What if I said, “you’ve been looking through the bars of a prison cell for most of your life”? You’d probably say I’m crazy right?
That was my initial response too. But over time I’ve started to see the merit in that assertion.
OK, let’s back up a bit.
The “bars” I’m referring to are the prejudices and biases that we are socialized with during our developing years – a perfectly normal part of human development.
Over time these biases influence our thoughts and perceptions. They ‘color’ our perception of events and people.
Let’s take a simple example. Growing up with Santa Claus as an iconic figure creates the perception that white-bearded men are friendly.
The next time we see a man with a white beard walking down the street the mind is likely to perceive a friendly face. This re-enforces the bias.
Eventually, this becomes a thought pattern and which lead to mental habits or mental tendencies, which affect our daily life without us realizing it. This means we see things “as we are” rather than “as they are”.
This is where mindfulness comes in.
It helps you to see things “as they are” not “as you are”.
Ok so what’s mindfulness anyway?
The Online Oxford dictionary defines mindfulness as “a mental state achieved by focusing one‘s awareness on the present moment, while calmly acknowledging and accepting one’s feelings, thoughts, and bodily sensations.”
You’re sitting at the beach watching the waves (your thoughts) on the ocean (your mind). You anchor your awareness to your breath and (with a soft focus) you watch the waves as they rise and fall in the expansive ocean.
Sooner or later your attention gets caught up in one of the waves and your focus narrows. You ‘lose sight’ of the expansive ocean and you’re focused on the one wave (thought). When you become aware of this fact, you gently bring your attention back to your breath, and resume watching the ocean (including the waves as they rise and fall).
Doing this consistently is a mindfulness practice. It’s ‘meditation in action’. It makes you aware of your mental patterns so you can free yourself from them. This is what leads to lasting change.
If you want to learn more about mindfulness practice there are some excellent talks at www.zencast.org. Over 400 of them! I strongly recommend you check them out.
Mindfulness practice can be truly transformative over time if it’s cultivated over time in a consistent manner.
You can use mindfulness to bring simplicity to your workflow and dramatically increase your productivity. Using this 8 step approach to productivity can help you focus less on being ‘busy’ and more on actually getting things done!
It’s now 2019, and we find ourselves drowning in information. Screens bombard us from every direction. Several of us have a screen in our pocket (smartphone), one on our wrist (smartwatch) and possibly one in our bag (iPad or tablet of some sort). Then there are screens at work. Then there’s the TV. On and on it goes.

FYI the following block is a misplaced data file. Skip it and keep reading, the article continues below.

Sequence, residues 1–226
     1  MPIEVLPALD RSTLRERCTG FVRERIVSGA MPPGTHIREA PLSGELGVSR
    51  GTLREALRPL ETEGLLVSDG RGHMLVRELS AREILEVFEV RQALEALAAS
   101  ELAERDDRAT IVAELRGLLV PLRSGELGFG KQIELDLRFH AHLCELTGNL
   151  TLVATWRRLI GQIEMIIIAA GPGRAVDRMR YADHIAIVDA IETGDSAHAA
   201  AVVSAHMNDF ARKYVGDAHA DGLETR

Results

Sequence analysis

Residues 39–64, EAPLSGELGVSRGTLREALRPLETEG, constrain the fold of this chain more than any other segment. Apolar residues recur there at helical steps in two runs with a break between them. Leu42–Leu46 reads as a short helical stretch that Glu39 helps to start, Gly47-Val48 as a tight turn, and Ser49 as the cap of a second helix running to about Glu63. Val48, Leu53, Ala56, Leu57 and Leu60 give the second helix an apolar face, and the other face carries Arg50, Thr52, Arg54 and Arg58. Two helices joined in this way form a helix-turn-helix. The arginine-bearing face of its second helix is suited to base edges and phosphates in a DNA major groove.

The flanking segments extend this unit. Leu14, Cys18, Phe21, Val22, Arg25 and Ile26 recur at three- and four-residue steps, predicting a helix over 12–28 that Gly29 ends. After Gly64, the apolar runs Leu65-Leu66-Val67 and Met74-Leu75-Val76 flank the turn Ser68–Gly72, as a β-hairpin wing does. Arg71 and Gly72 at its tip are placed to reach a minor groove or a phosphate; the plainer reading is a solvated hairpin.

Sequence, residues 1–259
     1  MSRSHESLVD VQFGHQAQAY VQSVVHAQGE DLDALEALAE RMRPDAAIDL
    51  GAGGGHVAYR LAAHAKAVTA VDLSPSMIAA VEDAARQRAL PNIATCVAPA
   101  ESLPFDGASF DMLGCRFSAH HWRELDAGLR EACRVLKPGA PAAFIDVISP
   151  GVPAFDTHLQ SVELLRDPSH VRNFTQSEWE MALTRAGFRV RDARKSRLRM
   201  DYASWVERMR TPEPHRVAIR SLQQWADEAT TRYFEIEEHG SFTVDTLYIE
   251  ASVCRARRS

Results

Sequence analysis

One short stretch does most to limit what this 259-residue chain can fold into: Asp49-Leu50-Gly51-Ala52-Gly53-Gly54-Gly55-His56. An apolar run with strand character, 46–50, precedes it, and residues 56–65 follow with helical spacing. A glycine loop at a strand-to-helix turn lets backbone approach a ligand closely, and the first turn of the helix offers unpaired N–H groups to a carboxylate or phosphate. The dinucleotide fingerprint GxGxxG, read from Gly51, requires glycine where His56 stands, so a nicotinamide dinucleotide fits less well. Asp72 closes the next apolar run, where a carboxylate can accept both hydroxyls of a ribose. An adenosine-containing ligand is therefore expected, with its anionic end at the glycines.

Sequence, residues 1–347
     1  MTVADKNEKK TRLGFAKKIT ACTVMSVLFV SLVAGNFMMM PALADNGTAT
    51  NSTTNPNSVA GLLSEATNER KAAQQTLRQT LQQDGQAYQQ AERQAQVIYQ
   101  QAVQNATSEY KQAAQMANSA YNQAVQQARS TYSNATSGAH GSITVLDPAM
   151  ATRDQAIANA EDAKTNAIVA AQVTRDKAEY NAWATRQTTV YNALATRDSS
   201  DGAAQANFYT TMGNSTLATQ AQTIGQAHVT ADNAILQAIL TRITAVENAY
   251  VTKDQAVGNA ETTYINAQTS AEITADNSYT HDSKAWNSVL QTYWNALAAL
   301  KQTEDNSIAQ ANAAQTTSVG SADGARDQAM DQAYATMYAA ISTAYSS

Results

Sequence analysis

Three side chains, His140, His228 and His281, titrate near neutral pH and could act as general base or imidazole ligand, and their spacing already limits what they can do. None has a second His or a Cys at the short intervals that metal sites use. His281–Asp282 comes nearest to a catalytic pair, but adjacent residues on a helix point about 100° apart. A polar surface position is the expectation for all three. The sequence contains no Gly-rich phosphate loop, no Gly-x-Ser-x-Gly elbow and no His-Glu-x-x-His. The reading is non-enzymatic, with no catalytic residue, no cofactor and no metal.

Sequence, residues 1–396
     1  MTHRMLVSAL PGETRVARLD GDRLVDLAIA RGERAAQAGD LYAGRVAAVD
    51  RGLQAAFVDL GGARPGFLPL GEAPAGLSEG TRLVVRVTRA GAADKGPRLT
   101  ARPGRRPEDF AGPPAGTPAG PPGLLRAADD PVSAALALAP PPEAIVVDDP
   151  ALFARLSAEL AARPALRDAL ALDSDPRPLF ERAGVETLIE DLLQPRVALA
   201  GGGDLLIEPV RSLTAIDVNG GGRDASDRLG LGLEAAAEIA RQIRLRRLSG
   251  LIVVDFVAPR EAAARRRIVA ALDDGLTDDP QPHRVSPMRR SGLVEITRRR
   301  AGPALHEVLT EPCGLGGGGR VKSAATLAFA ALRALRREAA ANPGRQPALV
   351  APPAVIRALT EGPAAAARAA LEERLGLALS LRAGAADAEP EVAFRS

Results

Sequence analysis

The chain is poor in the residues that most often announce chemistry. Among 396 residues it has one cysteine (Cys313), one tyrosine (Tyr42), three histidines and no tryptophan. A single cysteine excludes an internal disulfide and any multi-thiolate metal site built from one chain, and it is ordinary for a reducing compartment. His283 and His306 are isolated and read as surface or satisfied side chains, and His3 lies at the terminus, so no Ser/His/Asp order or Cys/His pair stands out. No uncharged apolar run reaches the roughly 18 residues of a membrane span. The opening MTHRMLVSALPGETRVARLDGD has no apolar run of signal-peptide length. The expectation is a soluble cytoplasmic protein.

So how do you actually get stuff done when you’re busy processing tons of data and trying to decide which piece of information you need to focus on right now?
Enter mindful productivity.
I recently created a course within my membership program which integrates the following devices:
The course busts open common productivity myths. It explains that “time-management” may have been relevant several years ago during the industrial revolution when we were measuring inputs and outputs of production on a factory floor.
But in today’s information age, what matters is better task selection. It’s important to focus on things that are important but not necessarily urgent — quadrant 2 activities in the Eisenhower matrix.
A good example of a quadrant 2 activity is building systems that enable you to reliably produce a specific outcome without your personal involvement.
Why is the act of building systems a quadrant 2 activity? Because it’s something that’s usually not urgent but is very important to your long term goals. Good quality systems (which could include a well-trained team) helps you leverage your time more effectively as a business owner. It enables you to create a predictable process which reliably delivers a specific result. And this enables you to focus on other strategically significant projects which enable you to increase your profit per hour.
So what do systems, and quadrant 2 activities have to do with mindfulness?
Well, mindfulness enables you to move from a reactive mental state to a more proactive mental state. This means you’re able to make better decisions around task selection. You’re more likely to choose the important activities over the urgent but not important activities like constantly checking your phone every time it pings.
This creates a certain spaciousness in your mental world. It gives you a chance to be more relaxed and make better choices.
In a sense, you could say that mindfulness enables you to slow down your thinking so you can speed up your results (by focusing on the things that matter over the long-term)
This not an exhaustive list but I think it’s a good start.
So there you have it. There are clearly many benefits to practicing mindfulness. Sadly I can’t say that I’ve enjoyed all the benefits listed above – my practice has a long way to go.
But I can say that my mind is calmer than it once was and I’m a happier person overall.
To me, mindfulness really is a no brainer (pun intended).
What are your experiences of mindfulness? What benefits have you experienced? Please share your thoughts in the comments section below.